Let's be clear: I'm not talking about someone who's crying on your shoulder after a bad breakup. Yes of course we support each other. That's not a problem; in fact, it's a sort of pleasure, community, connection. Maybe that good feeling is what the women I'm crabbing about are subverting. It's the weird sort of vampirism of women who expect other women to be their public (or private) conveniences and don't do much to change the situation they're crying for rescue from. It's a worse case of the sort of thing that lets highschool girls ditch their friends at the last minute for A Date. You know, with a real person, a guy.

I think I'll dilate on this later too.

*Anyone else here old enough to know why "broken record" means what it means when it's not about, oh, running a faster mile or eating more hotdogs?

Posted at 06:56 PM | Comments (14)

How to Feel Like a Grownup

Realize you're standing in the supermarket check-out with a package of liver and a box of oatmeal.

Posted at 05:58 AM | Comments (4)

November 27, 2006

Just One Thing I Want to Know

indecisive leaf

Should I stay or should I go?

It's been one of those blessedly balmy, somehow indecisive weeks until today. Today it got cold and it rained, the sort of hard-edged, chilly winter rain that says Yes it's finally time to put the Aloha shirts in the attic (except for a strategic few, kept handy for Aloha Sundays at Templebar) and bring down the sweaters.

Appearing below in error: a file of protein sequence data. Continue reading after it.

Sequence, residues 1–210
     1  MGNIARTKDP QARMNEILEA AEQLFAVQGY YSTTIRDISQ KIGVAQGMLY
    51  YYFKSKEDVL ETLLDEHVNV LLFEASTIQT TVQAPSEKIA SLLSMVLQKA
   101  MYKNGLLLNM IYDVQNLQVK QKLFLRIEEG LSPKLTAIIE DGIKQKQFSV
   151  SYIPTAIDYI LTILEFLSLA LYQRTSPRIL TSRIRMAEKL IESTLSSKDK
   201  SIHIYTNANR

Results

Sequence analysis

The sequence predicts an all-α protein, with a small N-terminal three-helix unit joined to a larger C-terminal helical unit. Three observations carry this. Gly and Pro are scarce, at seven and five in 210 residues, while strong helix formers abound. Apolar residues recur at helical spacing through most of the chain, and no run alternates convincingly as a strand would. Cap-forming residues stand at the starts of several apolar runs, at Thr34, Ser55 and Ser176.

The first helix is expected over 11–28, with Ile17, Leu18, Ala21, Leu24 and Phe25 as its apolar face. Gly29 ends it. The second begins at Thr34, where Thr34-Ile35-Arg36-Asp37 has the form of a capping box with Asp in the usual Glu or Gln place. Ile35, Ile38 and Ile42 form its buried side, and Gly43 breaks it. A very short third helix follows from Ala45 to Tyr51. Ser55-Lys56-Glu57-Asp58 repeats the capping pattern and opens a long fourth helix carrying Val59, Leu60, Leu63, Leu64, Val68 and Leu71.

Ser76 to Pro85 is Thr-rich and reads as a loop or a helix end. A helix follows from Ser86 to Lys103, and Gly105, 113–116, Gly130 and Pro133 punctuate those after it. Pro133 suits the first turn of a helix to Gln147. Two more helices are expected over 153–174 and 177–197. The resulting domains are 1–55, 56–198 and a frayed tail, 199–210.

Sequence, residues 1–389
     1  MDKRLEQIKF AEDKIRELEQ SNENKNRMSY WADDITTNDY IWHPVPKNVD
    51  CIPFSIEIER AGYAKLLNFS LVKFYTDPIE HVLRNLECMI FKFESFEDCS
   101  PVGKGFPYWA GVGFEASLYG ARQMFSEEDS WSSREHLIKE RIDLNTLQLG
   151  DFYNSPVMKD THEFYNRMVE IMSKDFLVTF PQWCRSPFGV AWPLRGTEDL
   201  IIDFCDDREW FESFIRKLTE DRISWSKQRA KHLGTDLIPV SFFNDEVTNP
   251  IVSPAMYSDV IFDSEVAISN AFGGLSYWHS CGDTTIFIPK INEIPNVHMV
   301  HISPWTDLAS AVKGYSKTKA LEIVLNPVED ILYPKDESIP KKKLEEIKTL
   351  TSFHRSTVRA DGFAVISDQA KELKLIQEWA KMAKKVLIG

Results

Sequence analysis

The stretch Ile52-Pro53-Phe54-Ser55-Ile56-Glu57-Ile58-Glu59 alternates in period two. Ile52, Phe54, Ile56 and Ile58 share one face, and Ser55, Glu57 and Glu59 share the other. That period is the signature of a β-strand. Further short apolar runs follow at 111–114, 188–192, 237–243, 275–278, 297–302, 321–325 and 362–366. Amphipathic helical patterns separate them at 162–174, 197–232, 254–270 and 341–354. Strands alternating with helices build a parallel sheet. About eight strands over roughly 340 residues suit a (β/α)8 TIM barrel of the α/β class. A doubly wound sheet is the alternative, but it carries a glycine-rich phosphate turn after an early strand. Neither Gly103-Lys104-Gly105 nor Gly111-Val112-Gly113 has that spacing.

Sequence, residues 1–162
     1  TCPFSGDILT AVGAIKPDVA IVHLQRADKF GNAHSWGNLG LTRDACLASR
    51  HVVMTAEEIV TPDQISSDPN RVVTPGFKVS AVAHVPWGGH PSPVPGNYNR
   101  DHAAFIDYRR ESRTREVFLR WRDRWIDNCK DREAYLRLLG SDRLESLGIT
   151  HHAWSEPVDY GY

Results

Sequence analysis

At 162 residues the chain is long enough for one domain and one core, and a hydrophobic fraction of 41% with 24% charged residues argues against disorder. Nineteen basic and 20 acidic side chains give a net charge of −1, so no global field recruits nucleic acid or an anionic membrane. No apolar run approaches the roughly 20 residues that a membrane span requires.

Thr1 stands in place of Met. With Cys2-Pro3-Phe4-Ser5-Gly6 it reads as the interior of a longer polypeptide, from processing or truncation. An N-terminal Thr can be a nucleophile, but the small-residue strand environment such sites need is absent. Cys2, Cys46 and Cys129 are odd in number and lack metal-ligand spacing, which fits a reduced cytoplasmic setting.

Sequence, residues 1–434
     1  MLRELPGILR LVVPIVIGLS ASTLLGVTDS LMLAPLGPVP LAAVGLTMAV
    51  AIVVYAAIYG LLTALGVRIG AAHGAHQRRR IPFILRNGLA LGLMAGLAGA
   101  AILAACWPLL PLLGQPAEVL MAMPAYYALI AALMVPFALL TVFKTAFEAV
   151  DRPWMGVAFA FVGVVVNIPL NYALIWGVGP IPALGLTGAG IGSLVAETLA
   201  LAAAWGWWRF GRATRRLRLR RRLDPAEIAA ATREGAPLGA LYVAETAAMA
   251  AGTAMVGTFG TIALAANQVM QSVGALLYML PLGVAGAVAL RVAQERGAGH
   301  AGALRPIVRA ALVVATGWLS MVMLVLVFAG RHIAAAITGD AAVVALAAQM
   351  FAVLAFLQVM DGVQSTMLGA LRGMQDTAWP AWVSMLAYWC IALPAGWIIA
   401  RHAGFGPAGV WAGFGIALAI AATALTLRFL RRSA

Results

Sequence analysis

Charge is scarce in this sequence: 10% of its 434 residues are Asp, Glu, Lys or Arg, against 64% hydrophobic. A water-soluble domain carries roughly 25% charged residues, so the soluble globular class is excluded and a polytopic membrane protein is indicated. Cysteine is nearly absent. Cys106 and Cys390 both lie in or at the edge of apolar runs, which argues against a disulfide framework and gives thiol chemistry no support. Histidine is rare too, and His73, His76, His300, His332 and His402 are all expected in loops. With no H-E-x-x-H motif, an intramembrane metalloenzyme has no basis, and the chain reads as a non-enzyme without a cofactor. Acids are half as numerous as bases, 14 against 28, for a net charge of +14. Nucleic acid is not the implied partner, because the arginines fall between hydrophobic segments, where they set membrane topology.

We had a nice Thanksgiving (Thank you, Kathy A!) and I hope you did too. In spite of getting stood up for dinner the Tuesday before by a couple of people, we got that renewed faith in humanity thing done by having TG dinner with Kate and Gene; they pulled it off in spite of the fact that they were squatting in their (vacationing) landlords' flat while Kate painted the walls of theirs and the floor got refinished. Gene has a policy of Anything But Turkey; this year it was guinea fowl. A new species for us, and quite tasty -- not quite just like chicken.

Yes we toasted the downfalls of Pombo and Santorum.

We did that again Saturday, when Mona and Dick hosted a potluck. More great food, including smoked turkey smuggled from North Carolina, a nice torta Espagnola, and some great pumpkin bread. Several of us ended up in the kitchen laughing halfway to tears about the auld days at Chaparral House, and then trying to explain it all to the people at the party who weren't veterans of that particular bloody campaign. (Chaparral House is the nursing home Joe's mother was in, with which we're still involved as volunteer garden mavens, and another friend in that kitchen, Kathy, is now on the board of directors.)

And now I guess it's really winter.

Posted at 04:22 AM | Comments (5)

November 20, 2006

Surface

It's been one of those months that suck up my social energy, and that seems to relate to my writing energy. Well, sure it's social; otherwise I could just think stuff and not have to mess with the keyboard.

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So I can use all the surface tension to keep to the shallows, what the hey.